Take-Home Investing Lessons From The Collapse Of Coal

From the end of World War II through 2007, coal industry stocks returned an average of 6.8% per year. Peabody, Patriot, Arch Coal, Alpha Natural Resources, and Walter Energy returned 8.7% over the same time period. It sounds almost crazy to express now, but for the second half of the 20th century, you could meet your investing goals by owning coal stocks.

Had a kid born in 1989 that started college in 2007? Someone that purchased $150 of coal stocks each month would have earned 8.9% returns and built up a college fund of $79,500 by the kid’s first year at the university. This information doesn’t seem to compute. Coal stocks + $150 per month = Financial Goal Realized is not an equation that improves our intuitive confidence in the rationality of math. It just doesn’t seem to add up.

Although coal stocks never outperformed for the Dow Jones Index for any rolling twenty-year period with the measurement begun in the 1890s, it is worth asking: How did things go so wrong in the industry, and what can be learned from it so that we could enjoy better investment fates than those of the coal-mining shareholders?

According to a chart created by Sam Batkins of the American Action Forum, the combined market capitalization of the coal industry in 2011 was $35 billion. As of this year, the coal industry market cap is $350 million. We are talking about a 99% collapse in value in just under five years. If there was no child in my above hypothetical that required the sale of the coal stocks in 2007, and the money instead got to compound indefinitely from 1989 through 2016, the ending result would have been just hundreds of dollars (about $700-$900).

From the point of view of a coal investor, the three boogiemen are: (1) cheaper alternative energy sources, namely natural gas which has declined in price by 70% since 2008 and became so preferred to coal that it cut the demand for coal by more than half from peak to trough; (2) high debt loads in the tens of billions of dollars that didn’t permit much wiggle room in good times let alone adverse conditions; and (3) 234 regulations, primarily from the EPA, that demanded over 31 million paperwork hours and an estimated lifetime compliance cost of $314 billion for the industry.

Also, part of the backdrop is that the coal producers generated almost all of their revenues in the United States and made themselves extremely susceptible to what Graham called “the political question” that overhangs every industry. It’s not like Peabody had hundreds of millions in profits coming from Mexico or Canada that could put up a shareholder-friendly firewall against faltering conditions in the United States.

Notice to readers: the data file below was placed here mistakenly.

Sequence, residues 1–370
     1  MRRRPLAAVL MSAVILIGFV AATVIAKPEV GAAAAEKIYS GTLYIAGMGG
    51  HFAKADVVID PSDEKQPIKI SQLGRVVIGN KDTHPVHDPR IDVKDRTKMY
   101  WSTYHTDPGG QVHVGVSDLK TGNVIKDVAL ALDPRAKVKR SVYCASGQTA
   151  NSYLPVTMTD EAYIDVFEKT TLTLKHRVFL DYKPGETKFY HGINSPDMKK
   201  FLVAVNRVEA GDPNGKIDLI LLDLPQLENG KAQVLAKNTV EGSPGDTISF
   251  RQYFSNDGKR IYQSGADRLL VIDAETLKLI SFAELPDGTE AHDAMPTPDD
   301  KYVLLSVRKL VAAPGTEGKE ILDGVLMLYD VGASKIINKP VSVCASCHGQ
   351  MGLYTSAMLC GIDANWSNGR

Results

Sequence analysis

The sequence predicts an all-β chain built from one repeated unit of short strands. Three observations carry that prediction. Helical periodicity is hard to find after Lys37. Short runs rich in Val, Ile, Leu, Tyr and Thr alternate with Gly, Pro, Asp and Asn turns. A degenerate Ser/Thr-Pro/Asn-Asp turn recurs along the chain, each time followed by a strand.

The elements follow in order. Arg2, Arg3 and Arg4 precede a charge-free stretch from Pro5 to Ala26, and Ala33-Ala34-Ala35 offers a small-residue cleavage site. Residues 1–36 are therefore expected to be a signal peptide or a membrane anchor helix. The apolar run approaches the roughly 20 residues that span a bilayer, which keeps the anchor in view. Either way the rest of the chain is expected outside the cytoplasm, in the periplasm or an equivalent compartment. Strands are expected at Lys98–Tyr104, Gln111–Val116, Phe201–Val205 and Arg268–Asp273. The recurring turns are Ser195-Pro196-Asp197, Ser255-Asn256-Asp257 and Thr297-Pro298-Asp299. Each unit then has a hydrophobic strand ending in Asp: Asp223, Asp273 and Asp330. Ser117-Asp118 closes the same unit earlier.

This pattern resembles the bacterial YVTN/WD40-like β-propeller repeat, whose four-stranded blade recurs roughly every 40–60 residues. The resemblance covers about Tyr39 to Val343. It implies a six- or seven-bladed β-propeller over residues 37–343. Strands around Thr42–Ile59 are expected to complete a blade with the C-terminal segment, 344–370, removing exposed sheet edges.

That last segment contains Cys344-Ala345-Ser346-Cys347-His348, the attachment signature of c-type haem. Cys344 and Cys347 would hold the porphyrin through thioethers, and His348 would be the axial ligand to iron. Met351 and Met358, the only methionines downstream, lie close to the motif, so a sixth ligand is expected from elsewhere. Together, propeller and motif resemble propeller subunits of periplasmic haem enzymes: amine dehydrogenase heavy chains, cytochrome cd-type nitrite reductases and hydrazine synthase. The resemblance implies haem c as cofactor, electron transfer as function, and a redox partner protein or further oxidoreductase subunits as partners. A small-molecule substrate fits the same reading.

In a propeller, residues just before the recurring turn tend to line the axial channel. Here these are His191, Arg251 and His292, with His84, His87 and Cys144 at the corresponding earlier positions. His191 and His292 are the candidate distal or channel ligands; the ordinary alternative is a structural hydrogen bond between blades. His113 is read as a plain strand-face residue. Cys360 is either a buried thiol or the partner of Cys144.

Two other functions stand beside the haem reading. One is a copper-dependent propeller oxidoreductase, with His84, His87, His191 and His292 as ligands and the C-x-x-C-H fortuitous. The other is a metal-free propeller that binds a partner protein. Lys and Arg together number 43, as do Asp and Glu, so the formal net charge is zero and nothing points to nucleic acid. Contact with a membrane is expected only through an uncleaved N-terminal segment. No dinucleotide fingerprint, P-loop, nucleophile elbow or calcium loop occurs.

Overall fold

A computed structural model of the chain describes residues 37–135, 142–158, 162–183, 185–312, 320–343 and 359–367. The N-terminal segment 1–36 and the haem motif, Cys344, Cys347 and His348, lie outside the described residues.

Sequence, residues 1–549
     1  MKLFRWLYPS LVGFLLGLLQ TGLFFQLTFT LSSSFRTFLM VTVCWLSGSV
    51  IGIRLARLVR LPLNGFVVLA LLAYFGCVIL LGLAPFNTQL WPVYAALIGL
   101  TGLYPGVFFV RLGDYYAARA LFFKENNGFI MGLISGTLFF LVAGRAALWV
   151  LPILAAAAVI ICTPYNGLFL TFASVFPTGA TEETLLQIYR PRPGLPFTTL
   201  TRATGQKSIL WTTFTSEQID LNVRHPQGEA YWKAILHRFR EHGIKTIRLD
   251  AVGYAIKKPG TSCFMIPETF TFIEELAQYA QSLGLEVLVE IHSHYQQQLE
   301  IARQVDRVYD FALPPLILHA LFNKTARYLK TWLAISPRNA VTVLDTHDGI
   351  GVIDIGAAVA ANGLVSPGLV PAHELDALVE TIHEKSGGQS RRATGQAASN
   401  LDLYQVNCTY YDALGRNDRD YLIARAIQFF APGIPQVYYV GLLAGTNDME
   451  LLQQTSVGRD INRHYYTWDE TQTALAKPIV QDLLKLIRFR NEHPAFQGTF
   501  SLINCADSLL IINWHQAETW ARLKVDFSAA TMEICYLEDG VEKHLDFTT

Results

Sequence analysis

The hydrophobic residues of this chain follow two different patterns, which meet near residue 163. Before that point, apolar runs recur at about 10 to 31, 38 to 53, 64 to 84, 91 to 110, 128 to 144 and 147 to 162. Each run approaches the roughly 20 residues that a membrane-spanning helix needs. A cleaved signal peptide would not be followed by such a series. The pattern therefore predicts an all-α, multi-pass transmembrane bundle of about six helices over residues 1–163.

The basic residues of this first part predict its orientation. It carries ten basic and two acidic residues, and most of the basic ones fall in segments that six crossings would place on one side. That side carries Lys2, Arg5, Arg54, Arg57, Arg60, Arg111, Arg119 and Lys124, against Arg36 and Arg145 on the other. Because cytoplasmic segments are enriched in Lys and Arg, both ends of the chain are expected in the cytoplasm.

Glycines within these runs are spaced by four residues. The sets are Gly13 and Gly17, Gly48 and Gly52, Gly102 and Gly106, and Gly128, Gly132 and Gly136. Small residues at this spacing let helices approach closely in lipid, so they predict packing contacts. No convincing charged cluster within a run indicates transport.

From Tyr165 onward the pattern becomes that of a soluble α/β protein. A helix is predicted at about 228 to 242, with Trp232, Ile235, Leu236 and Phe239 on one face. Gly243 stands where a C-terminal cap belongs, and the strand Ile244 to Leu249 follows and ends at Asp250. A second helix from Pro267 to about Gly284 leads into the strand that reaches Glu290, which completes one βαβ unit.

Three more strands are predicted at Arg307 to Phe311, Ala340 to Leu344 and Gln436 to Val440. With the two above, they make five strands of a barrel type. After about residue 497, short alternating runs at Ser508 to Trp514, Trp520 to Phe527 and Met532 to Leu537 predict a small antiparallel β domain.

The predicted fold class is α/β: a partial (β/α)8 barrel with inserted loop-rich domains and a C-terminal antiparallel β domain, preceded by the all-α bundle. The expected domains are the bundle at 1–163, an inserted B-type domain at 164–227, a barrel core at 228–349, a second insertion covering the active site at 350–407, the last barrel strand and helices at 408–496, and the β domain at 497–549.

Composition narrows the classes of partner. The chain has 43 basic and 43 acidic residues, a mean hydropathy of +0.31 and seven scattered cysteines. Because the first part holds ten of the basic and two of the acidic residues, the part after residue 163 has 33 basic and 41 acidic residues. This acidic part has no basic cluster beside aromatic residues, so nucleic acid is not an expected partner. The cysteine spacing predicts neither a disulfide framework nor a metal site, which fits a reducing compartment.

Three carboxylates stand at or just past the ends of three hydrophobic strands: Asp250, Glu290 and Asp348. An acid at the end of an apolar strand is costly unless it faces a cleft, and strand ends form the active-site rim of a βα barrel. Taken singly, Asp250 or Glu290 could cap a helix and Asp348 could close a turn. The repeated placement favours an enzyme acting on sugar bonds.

Imagine, for a moment, that instead of being an international juggernaut with centuries of operating history tracing back to its early American roots, Colgate-Palmolive was a thirty-year old Venezuela-domiciled company that sold toothpaste, detergent, mouthwash, and floorcleaners in Caracas, Maracaibo, Ciudad Guyana, and Maracay. Millions in infrastructure investments, sales networks developed, and equity built up through the past record of growing sales of household cleaners.

All of that would now be destroyed. Gone. Poof. The men and women who spent the decades of their prime years giving their best to the growth of this Venezuela enterprise? Nothing to show for it. The well-tended garden became a desert virtually overnight.

The Guardian reports that mobs of hungry Venezuelan citizens have seized supermarkets to scavenge for food, as rice and bread are now delivered through armored car. If, somehow you owned a Venezuelan business, you would have to deal with a 482% inflation rate. Charge 80 bolivar for a basic car repair? Come July 1st, make it 90 bolivar. Then 100 for August.

The reason I refuse to get behind socialism is because the result is always misery. Why? Because it rejects the premise of human nature that we almost all have a desire to create better things for ourselves tomorrow than we have today–an unquenchable thirst to find ourselves in better shape than we were previously. The profit motive, properly harnessed to limit harm, allows you to acquire material benefits through your own labor efforts and fruit of ownership interests such that the material baselines are always increasing (the United States sextupled its material living standards during the 20th century).

I used to get about 350 page views per month from Venezuela. Now, I don’t get any noticeable views from Venezuela. The last search engine result from a Venezuelan IP that ended up on my site contained the word “lottery.” Ambitions of long-term wealth creation has been entirely displaced due to a Maslow shift in favor of basic survival.

But the Venezuela Colgate-Palmolive example? You’re looking at total wipeout. If the company only existed in Venezuela, you’d have nothing to show for it. Your entire investment would be lost, and it would be the least of your problems. Now, as a factual matter, the Colgate-Palmolive that actually existed was just one individual subsidiary of the American parent Colgate-Palmolive. As such, the harm is able to be overcome.

In April, Colgate-Palmolive announced that it would discontinue to report its Venezuelan results in its consolidated financial statements and took a 100% impairment charge on their last year’s report. They haven’t shut down in Venezuela yet, but they are treating it as a total loss for accounting purposes (Coca-Cola, meanwhile, has pulled out of Venezuela).